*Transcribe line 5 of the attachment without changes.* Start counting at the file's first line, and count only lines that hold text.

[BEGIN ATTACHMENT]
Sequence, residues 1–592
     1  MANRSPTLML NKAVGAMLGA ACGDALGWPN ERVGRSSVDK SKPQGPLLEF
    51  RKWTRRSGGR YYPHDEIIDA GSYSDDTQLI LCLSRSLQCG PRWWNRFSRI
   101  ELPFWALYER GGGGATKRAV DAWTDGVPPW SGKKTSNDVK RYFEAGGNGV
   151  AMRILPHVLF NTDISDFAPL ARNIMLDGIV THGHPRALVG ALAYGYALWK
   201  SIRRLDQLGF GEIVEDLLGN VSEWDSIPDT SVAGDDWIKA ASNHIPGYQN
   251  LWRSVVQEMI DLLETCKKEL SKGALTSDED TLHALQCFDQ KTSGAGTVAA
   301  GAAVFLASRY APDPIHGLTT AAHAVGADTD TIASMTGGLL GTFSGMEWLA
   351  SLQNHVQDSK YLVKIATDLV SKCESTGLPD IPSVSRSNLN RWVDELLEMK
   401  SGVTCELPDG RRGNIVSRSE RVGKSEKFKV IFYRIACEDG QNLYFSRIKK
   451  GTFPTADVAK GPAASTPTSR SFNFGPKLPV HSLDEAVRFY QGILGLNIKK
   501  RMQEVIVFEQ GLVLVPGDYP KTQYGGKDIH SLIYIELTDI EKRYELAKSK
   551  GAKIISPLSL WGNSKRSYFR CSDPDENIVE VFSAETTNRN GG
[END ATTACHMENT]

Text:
   151  AMRILPHVLF NTDISDFAPL ARNIMLDGIV THGHPRALVG ALAYGYALWK